Because of the ways that we talk about them, panic attacks are often understood to be fully mental. A chaotic mind racing out of control. Hysterical thoughts duking it out until only the most alarming of the bunch survives. But everything I felt was totally physical. The weight on my chest, the lightheadedness, the numbness. I hadn't ever heard those bodily symptoms associated with panic attacks, so I just assumed I was breaking down. I had experienced forms of anxiety my entire life, but this was completely different. I wasn't even in any kind of distress when the first one hit me, I was just sitting in a restaurant on a Sunday afternoon eating brunch with my friends.

Before, my anxiety, or what I later learned was Generalized Anxiety Disorder, had manifested only in mental ways. Basic social customs like having to make a phone call were agonizing. I'd spend weeks convinced that someone was going to break into my home, dissecting every cracking sound made by my floor vents and quadruple-checking that the piece of wood I'd placed in my screen door as a barrier was still there. Every mild headache was a spiral into the depths of WebMD, and bedtime was a grueling three hour process that usually involved going over and over a comment I had made at a birthday party in the 6th grade that someone could have maybe, possibly taken the wrong way.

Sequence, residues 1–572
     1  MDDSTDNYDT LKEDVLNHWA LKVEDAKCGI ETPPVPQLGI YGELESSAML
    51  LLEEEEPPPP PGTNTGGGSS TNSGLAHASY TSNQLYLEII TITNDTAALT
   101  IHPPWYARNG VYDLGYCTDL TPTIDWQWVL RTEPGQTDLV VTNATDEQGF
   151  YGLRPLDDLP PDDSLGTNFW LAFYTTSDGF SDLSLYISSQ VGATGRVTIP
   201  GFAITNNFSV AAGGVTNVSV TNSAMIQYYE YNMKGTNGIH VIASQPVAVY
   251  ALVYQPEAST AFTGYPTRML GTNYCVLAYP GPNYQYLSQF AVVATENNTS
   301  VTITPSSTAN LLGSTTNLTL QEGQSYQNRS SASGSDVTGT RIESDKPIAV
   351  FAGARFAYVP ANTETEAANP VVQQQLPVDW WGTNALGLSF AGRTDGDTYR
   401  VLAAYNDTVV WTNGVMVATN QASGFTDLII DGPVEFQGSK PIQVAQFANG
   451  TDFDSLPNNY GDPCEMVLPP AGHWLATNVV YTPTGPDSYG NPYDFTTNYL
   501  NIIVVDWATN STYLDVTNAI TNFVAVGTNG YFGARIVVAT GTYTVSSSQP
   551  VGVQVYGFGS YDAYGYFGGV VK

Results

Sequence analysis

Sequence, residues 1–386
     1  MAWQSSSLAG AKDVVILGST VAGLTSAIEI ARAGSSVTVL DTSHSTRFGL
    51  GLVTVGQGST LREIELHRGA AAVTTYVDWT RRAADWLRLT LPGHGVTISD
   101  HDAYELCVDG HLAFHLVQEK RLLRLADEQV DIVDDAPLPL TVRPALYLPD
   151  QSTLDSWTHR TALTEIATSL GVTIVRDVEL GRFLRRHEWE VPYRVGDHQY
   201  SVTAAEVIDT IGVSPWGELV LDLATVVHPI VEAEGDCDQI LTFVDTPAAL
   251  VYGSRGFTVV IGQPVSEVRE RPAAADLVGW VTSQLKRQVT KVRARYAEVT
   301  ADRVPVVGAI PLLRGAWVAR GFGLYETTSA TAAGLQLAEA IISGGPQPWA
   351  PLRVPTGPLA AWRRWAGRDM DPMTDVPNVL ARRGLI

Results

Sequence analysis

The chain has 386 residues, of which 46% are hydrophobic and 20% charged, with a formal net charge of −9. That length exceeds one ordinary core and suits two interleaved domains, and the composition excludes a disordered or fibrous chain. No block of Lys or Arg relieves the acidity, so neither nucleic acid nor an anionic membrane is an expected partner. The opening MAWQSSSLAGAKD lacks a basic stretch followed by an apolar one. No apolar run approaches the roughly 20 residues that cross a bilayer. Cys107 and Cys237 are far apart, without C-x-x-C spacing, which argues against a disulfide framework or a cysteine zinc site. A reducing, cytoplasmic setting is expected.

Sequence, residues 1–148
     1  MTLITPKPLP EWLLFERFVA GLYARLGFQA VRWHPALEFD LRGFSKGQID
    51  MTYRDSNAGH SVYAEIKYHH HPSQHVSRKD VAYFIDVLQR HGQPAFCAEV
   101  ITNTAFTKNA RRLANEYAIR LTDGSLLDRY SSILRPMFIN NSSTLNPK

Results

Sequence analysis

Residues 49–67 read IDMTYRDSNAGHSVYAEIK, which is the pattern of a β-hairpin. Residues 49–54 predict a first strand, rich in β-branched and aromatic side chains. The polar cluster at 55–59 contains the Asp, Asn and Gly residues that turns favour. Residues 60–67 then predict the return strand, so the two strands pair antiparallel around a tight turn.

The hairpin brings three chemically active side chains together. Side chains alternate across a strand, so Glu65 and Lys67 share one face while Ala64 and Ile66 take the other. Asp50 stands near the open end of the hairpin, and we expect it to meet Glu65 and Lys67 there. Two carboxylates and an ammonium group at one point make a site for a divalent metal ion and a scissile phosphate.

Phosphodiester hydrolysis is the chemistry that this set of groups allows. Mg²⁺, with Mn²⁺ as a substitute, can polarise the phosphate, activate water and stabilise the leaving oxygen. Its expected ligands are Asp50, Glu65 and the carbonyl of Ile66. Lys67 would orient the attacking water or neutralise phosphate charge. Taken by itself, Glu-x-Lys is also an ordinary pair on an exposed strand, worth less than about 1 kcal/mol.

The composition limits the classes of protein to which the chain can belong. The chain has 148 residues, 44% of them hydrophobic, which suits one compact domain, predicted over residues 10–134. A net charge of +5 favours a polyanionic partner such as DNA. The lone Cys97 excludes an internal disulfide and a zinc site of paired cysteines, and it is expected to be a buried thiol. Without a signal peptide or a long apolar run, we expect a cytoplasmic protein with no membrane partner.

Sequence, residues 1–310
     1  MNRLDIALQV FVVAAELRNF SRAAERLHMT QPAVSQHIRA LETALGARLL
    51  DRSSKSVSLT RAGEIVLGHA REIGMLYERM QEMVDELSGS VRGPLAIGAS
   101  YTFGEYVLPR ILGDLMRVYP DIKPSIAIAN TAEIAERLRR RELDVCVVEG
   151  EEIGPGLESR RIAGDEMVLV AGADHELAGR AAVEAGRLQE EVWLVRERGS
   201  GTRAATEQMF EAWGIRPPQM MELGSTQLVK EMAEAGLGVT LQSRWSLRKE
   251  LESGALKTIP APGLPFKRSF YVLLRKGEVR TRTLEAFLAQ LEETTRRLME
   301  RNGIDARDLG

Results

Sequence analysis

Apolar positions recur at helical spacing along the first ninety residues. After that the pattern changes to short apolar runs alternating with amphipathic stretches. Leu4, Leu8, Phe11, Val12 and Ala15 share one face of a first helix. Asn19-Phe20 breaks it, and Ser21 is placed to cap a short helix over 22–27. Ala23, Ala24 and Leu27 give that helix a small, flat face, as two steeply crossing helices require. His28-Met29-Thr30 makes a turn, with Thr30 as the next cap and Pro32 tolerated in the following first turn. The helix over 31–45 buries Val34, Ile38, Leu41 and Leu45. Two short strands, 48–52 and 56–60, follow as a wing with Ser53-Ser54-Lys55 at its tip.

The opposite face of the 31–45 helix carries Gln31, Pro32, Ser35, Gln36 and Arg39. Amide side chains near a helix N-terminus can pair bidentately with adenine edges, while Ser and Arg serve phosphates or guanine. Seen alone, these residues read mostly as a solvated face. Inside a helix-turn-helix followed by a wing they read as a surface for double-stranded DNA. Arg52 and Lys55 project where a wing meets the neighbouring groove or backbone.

For the most part, my anxiety-fueled fixations seemed to center around death, and it had been that way ever since I was a kid, when my parents had to pry the copy of Chicken Soup for the Children's Soul they had given me for Christmas out of my grasp because its "Death & Dying" section was keeping me up for nights at a time. This probably, on some level, made me a prime candidate for continued panic attacks, or what I later learned was Panic Disorder, which is characterized by the fear of attacks popping up again and again.